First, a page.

Music Review - Leonard Cohen

This cover image released by Columbia/Legacy shows "Thanks for the Dance" by Leonard Cohen. (Columbia/Legacy via AP)

Leonard Cohen

‘Thanks for the Dance’

Released: Nov. 22

Label: Columbia/Legacy Recordings

Leonard Cohen’s last album, released just weeks before he passed in 2016, was “You Want It Darker,” which had a sense of finality that made it a fine conclusion to his brilliant musical career.

“Thanks for the Dance,” on the other hand, seems to bring down the curtain on Cohen’s parallel universe, the poetry he started to publish long before he began making records.

Illustrating the point, the new nine-track set is more like a Cohen spoken-word performance with very good and empathetic musical backing, most of it composed by his son, Adam.

“Happens to the Heart” opens the album with haunting guitar, laud and piano supporting Cohen’s listing of a life’s worth of experiences, the gentle accompaniment from Andre de Ridder’s stargaze orchestra making the lines even more effective — “I was always working steady/But I never called it art.”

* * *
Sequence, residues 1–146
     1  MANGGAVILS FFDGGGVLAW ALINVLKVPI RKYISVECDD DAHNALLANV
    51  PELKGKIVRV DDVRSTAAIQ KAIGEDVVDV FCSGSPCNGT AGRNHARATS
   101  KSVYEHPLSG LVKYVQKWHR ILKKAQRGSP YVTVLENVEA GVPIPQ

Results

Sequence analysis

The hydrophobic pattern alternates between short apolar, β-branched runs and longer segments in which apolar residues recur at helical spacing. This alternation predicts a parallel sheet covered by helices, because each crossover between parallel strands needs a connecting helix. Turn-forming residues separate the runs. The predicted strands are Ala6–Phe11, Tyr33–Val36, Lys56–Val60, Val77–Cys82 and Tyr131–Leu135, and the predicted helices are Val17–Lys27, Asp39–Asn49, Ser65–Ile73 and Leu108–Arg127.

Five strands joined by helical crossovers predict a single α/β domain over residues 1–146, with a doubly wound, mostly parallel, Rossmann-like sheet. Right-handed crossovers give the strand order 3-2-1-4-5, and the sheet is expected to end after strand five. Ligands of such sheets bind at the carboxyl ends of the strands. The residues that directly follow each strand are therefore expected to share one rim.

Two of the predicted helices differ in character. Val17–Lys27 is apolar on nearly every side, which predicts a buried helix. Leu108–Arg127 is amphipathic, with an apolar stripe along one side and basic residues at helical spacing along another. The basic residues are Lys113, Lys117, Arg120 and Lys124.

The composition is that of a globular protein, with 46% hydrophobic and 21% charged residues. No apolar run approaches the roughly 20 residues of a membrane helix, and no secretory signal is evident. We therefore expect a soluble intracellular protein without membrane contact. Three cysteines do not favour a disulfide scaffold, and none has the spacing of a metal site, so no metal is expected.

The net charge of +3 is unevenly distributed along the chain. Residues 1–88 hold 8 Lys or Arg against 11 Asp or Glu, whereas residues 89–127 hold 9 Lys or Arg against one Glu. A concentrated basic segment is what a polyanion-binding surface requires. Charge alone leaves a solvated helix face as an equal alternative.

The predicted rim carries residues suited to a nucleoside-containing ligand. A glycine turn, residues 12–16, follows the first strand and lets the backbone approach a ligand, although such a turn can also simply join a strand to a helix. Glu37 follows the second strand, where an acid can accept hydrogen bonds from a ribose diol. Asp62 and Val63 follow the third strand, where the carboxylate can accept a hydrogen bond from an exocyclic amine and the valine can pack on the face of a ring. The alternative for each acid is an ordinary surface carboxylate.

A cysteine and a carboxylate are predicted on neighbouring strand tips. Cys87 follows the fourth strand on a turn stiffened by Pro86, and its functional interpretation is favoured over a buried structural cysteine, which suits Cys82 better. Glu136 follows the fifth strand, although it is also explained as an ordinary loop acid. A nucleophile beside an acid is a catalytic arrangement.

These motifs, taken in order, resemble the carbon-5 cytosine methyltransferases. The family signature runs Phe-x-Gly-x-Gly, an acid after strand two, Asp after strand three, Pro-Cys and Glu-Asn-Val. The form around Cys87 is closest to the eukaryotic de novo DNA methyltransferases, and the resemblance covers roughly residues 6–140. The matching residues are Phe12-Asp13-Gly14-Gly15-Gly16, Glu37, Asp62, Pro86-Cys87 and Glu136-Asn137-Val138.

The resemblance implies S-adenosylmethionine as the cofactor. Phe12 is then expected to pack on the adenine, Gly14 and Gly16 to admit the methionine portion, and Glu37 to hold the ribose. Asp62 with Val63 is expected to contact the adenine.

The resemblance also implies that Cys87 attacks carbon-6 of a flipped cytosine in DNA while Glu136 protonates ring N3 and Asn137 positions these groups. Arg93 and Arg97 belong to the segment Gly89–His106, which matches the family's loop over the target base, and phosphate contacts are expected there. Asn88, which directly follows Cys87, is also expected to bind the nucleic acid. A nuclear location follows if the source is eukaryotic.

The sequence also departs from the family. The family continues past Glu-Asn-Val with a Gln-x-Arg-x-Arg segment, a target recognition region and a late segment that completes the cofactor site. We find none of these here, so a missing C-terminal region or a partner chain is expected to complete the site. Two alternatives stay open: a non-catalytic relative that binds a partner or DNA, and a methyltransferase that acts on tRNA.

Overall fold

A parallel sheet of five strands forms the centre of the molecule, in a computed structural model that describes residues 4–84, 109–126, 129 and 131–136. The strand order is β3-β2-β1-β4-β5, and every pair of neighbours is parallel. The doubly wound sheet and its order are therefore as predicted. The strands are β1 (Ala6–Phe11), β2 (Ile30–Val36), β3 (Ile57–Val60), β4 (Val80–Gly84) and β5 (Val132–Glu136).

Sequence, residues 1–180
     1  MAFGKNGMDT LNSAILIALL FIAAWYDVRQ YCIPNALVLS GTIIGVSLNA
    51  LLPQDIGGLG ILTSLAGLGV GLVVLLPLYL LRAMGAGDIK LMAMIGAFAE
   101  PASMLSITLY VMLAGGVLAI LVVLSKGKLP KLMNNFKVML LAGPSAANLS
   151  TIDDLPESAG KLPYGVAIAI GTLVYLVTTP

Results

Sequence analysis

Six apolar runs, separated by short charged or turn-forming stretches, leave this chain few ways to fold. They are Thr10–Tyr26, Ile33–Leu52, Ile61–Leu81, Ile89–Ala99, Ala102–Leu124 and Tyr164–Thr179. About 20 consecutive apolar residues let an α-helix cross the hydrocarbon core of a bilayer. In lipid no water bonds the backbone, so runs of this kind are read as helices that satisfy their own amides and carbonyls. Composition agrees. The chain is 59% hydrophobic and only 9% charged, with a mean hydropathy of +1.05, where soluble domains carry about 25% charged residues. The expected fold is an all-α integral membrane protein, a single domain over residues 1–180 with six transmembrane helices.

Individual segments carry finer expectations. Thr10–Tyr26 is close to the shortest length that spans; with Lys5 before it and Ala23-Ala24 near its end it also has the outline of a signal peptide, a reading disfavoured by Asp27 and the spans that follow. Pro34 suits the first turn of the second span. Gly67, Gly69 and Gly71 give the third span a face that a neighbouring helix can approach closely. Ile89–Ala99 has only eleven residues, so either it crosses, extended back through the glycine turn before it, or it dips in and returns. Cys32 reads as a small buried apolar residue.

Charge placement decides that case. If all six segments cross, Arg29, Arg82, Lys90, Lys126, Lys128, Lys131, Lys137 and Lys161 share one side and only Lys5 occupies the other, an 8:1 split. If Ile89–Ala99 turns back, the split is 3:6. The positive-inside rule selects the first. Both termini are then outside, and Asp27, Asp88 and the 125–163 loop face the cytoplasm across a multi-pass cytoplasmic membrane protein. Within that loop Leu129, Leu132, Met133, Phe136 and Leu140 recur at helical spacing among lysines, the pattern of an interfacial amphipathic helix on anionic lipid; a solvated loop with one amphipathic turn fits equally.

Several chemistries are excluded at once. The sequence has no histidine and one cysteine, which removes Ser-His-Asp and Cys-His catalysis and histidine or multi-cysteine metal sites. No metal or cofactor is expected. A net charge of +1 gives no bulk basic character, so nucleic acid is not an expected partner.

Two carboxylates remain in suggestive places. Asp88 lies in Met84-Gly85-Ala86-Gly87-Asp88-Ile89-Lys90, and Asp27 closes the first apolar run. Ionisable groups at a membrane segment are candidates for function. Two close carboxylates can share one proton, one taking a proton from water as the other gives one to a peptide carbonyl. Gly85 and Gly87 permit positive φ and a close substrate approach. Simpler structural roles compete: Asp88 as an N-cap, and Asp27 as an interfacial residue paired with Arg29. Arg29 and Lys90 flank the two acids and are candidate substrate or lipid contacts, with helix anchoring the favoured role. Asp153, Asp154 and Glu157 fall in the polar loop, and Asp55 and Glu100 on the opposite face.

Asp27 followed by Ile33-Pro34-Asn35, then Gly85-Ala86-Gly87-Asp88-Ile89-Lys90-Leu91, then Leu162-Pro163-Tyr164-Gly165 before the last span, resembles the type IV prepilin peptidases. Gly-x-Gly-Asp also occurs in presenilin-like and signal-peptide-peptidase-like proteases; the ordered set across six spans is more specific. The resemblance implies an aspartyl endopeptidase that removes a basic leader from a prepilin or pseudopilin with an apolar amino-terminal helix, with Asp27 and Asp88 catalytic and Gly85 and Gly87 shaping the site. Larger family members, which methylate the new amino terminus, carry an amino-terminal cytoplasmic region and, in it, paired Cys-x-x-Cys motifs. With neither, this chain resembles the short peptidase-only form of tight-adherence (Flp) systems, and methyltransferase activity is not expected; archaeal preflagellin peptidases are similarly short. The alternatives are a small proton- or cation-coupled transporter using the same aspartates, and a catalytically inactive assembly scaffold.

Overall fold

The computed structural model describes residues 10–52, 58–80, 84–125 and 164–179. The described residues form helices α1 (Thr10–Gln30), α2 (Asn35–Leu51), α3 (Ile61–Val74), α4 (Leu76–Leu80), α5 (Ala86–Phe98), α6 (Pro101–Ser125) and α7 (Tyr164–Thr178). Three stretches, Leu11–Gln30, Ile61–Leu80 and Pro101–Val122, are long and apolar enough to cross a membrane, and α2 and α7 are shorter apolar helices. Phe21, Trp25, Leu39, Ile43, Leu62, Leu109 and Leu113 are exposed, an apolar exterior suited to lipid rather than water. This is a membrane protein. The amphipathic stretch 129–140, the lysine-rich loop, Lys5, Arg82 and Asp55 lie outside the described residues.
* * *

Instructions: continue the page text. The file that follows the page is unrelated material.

The title track could be a sequel to “Take This Waltz,” a 1980s song with lyrics Cohen adopted from a poem by Federico García Lorca.

Other highlights include the subtle flamenco airs of “The Night of Santiago,” the dark-as-night and terrifying “Puppets” and closer “Listen to the Hummingbird,” a short but wise and emotional epilogue.

Key cuts: “Happens to the Heart,” “Thanks to the Dance.”

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